Have you heard of the Supreme Court justice who said that he didn't know what the definition of pornography was, but he knew it when he saw it? If you know how to deconstruct language with the slightest bit of probing interest, you can end up in this situation very quickly. Language is not exact; it is really only intended to operate within the context of what culture has dealt with before. Evidently, Wittgenstein broke new ground by saying this, although one wonders how arrogant a philosopher has to be to have any other opinion of language. But anyway, this facet of rules holds problems for creativity; unprecedented situations can wreak havoc on law, and while a "good" and creative person is your society's best hope for progress, an "evil" and creative person is its worst nightmare. Thankfully, most people aren't nearly as original as they like to think they are.

When it comes to human action, it goes either according to accepted behavior, or not. It can be encapsulated by the experience of society, or not. Society can create strictures and traditional responses for expected behaviors; the status quo desires predictability. If this sounds unpleasant to you, like oppressive anti-freedom, then think deeper. What do you want in your life? Constant change that challenges without letting up? Extreme variation? Not being able to get used to anything, get comfortable, understand the sequence of events? Few people want that. Most people have an affinity for the familiar, right down to their preferred aesthetic styles that remind them fondly of the past. Right down to the desires for a career and relationships that conform to society's accepted vision of what is good. Change is disturbing, quite literally, in a social context, like wrenches thrown into smoothly functioning machine parts.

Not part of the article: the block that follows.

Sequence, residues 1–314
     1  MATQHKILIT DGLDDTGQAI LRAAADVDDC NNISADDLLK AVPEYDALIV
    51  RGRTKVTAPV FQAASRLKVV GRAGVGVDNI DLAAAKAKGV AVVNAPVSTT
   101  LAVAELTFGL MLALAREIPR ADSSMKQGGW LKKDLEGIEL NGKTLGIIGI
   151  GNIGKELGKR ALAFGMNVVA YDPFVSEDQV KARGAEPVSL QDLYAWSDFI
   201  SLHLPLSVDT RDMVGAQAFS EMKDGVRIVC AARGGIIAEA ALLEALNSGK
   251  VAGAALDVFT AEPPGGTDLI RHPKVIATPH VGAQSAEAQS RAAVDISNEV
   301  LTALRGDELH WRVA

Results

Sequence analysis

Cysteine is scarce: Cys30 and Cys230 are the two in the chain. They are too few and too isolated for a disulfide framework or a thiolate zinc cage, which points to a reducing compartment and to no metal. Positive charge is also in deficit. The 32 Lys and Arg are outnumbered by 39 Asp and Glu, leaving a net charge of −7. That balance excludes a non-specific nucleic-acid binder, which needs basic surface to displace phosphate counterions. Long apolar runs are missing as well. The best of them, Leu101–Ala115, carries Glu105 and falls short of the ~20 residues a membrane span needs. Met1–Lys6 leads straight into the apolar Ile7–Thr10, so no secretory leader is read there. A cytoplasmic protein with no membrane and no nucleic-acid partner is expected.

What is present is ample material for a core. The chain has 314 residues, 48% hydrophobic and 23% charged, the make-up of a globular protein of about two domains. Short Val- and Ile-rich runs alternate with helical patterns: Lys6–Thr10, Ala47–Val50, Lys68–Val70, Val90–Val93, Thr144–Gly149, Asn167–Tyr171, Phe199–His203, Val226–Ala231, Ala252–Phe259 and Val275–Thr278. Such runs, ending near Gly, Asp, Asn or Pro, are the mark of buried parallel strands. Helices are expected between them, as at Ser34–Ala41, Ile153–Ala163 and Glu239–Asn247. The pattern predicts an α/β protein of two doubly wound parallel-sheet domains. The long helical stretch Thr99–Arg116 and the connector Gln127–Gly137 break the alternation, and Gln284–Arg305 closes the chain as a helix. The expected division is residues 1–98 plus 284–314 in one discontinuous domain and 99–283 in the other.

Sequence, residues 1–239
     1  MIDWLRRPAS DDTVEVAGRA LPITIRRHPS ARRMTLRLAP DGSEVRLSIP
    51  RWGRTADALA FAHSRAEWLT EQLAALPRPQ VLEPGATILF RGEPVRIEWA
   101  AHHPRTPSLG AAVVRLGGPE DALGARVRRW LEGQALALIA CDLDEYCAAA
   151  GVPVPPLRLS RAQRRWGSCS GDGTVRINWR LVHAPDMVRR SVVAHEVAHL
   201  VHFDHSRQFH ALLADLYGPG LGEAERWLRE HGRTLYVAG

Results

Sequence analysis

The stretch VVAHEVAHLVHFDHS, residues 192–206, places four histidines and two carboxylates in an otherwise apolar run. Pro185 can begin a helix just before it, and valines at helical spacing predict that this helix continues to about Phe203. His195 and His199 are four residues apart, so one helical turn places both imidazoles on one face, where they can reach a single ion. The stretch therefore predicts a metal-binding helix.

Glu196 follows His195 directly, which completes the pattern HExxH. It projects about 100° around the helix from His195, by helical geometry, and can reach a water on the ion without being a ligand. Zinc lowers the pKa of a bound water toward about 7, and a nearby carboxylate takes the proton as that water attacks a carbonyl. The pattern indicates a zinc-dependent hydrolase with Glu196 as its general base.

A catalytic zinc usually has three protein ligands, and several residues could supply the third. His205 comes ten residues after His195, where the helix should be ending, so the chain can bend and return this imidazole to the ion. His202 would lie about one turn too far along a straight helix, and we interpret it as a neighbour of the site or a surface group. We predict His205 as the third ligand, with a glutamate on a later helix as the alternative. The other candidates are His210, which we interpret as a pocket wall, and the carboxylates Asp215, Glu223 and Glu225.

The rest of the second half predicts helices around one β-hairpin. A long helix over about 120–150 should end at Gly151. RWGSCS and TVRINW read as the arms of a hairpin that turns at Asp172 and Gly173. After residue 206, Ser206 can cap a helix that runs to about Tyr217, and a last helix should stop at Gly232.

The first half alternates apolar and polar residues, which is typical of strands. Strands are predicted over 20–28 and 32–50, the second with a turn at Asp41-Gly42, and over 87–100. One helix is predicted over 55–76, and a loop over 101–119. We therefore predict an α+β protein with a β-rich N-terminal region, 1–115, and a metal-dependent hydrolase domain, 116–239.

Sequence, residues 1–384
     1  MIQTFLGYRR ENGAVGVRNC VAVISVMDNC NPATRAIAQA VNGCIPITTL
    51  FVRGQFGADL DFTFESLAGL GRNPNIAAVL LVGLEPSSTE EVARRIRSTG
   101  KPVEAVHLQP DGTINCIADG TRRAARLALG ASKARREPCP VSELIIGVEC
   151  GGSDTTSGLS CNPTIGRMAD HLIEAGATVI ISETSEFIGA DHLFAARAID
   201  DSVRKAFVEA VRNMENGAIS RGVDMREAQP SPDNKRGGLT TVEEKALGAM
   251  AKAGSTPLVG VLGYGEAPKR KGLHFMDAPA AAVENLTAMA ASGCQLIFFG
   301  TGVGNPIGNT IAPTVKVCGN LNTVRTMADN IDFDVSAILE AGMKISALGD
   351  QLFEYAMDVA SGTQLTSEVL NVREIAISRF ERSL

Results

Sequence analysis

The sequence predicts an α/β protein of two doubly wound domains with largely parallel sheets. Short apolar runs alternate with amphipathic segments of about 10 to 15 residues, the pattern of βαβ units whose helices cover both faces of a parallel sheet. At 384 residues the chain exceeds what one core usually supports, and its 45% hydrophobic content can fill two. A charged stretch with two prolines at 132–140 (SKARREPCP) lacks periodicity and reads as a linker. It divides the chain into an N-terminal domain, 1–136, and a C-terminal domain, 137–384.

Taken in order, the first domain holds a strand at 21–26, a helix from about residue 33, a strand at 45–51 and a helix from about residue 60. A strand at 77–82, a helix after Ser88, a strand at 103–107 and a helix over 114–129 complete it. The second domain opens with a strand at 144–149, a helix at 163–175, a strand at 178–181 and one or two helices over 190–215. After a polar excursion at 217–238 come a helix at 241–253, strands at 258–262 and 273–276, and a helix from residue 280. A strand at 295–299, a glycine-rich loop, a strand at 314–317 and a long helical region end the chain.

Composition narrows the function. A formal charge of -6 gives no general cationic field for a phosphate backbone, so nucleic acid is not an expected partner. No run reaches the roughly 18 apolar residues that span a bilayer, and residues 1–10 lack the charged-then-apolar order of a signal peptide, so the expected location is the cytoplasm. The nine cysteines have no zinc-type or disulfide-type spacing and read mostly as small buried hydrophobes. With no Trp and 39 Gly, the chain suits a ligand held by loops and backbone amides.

To reject accepted patterns of behavior and strike out on your own is not only a risk to you but a risk to all those affected by you. Now, change is a necessary response to shifting environmental conditions, and thus creativity is necessary. There is no society with the absolute power necessary to completely control its environment and bring about absolute predictability... and humans aren't meant for it anyway. So we like change, to a degree. Young people particularly like change. The old prefer stability. So the rules get updated as conditions change, and this pattern of shifting regulation can be seen as correct in its own right, or as a tool for creating incentives.

Today, rules are beloved by liberals because they support the government, elected and ostensibly reflective of everyone's values equally, as a bulwark of power management. The government creates strictures, the necessary ones, just the ones needed to hold back to assholes, and let's everyone else do as they may. Beyond this creation of rules, it does not judge people's value. And as people change, strictures can be loosened as feasible, so long as the government is beholden to the popular. The vision is one of eventual growth of personal freedom, as the individual internalizes rules and drops the tendency towards "evil" behavior; I question this vision, given that no action is intrinsically evil in my view.